The J-K Water Resources (Regulation and Management) Act also levies taxes on water used for irrigation and drinking, which, the government said, will fetch the exchequer another Rs 150 crore. "We are always asked to raise our own resources. Water is the biggest resource we have. We can't tax generation of electricity (but) we can charge on water usage. This legislation will help us to use our water resources to generate revenue," Chief Minister Omar Abdullah told The Indian Express. "This, however, is not a precursor for privatisation (of water resources). We have a long long way to go for that."
The Bill envisages establishment of State Water Regulatory Authority for "sustainable management, allocation and utilisation of water resources, fixing the rates for use of water and other connected matters".
Irrigation Minister Taj Mohiuddin said: "As of now, 33,930 million tonne water is utilised (by NHPC and the state's PDC, which generate Rs 7,140 crore a year in revenue from the state). This will generate revenue of Rs 848 crore."
NHPC alone would be liable for taxes to the tune of Rs 5000 crore, the minister for irrigation and flood control, Taj Mohiuddin, said.
"Not just NHPC, we want everyone including the state-owned Power Development Corporation (JKPDC) to pay for the water it uses to generate energy," he said.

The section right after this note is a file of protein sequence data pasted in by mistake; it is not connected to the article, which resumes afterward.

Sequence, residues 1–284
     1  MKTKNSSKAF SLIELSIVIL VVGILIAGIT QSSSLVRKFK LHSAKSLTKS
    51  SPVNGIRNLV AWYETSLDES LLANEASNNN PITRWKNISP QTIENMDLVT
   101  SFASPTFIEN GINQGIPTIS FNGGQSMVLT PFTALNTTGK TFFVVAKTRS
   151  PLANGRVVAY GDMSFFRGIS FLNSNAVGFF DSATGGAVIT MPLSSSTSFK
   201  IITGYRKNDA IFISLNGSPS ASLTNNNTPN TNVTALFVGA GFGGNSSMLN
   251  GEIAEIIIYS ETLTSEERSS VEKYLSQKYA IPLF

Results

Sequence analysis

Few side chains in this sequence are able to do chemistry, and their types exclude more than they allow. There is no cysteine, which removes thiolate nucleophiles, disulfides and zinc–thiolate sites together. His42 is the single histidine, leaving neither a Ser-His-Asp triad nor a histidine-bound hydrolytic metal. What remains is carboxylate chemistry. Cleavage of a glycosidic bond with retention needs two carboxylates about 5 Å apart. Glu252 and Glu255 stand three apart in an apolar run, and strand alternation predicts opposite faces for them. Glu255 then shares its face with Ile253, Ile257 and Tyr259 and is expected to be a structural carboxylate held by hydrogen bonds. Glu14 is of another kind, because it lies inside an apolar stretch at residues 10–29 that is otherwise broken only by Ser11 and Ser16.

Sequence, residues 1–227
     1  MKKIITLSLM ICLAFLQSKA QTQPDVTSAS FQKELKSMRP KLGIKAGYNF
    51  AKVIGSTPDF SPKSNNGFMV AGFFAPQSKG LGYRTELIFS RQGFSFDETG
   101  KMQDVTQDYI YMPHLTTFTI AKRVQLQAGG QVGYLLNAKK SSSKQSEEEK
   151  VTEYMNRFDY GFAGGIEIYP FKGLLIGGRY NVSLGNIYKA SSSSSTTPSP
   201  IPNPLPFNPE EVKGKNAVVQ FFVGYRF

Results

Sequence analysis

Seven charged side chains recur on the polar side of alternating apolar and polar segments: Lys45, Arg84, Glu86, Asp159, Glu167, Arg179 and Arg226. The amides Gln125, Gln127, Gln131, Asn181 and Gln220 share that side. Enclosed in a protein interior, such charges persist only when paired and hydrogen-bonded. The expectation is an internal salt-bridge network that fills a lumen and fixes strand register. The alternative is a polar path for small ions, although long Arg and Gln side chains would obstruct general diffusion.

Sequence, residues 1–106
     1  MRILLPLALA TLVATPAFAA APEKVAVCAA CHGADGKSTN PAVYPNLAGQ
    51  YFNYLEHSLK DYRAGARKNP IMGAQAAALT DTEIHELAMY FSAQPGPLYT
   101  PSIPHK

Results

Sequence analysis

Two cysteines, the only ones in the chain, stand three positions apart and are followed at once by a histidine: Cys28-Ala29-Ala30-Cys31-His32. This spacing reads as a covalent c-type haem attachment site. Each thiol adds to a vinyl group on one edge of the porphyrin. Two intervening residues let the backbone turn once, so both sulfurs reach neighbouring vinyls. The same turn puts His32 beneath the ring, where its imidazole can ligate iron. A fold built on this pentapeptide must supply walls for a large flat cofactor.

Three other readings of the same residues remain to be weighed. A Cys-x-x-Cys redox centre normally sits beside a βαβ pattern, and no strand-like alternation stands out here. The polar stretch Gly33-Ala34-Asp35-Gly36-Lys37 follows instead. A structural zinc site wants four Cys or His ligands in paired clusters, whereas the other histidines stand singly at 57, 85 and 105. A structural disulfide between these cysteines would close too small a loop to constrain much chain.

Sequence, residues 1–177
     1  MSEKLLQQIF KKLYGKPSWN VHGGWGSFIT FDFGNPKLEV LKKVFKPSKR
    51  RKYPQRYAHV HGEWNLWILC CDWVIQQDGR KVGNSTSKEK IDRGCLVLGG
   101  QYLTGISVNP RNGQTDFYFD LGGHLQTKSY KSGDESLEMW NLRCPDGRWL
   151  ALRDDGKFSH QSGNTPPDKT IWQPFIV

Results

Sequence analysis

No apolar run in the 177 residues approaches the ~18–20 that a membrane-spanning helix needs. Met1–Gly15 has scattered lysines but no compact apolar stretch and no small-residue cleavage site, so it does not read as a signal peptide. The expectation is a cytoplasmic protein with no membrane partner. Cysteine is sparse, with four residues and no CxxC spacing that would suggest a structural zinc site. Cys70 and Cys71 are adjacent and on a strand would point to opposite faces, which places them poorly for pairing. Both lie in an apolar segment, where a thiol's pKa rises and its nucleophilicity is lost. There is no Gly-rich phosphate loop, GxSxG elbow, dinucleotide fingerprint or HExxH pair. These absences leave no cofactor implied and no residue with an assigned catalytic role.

On becoming an Act, the legislation would also make water for irrigation and drinking taxable.
The government control would now extend to rivers, streams, lakes and ground water, and there would be no room for misuse, the minister said.
The minister said at present the volume of water present in the state was roughly about one lakh million acre feet out of which 33930 million cubic of water was exploited by the companies for power generation.
From an identified 20,000 megawatt potential, Kashmir has been able to harness only 2,456 megawatts so far.
The 1960 Indus Water Treaty between India and Pakistan curtailed the rights of Jammu and Kashmir on three of its major rivers upper Chenab, Jhelum, and Indus.
The treaty prevented Jammu and Kashmir to exploit water resources even for irrigation let alone power generation.
Discontent over the exploitation of Kashmir's vast water resources by both India and Pakistan have been growing over the years and remains a vital ingredient of Kashmir's political discourse at present.
Source- Indian Express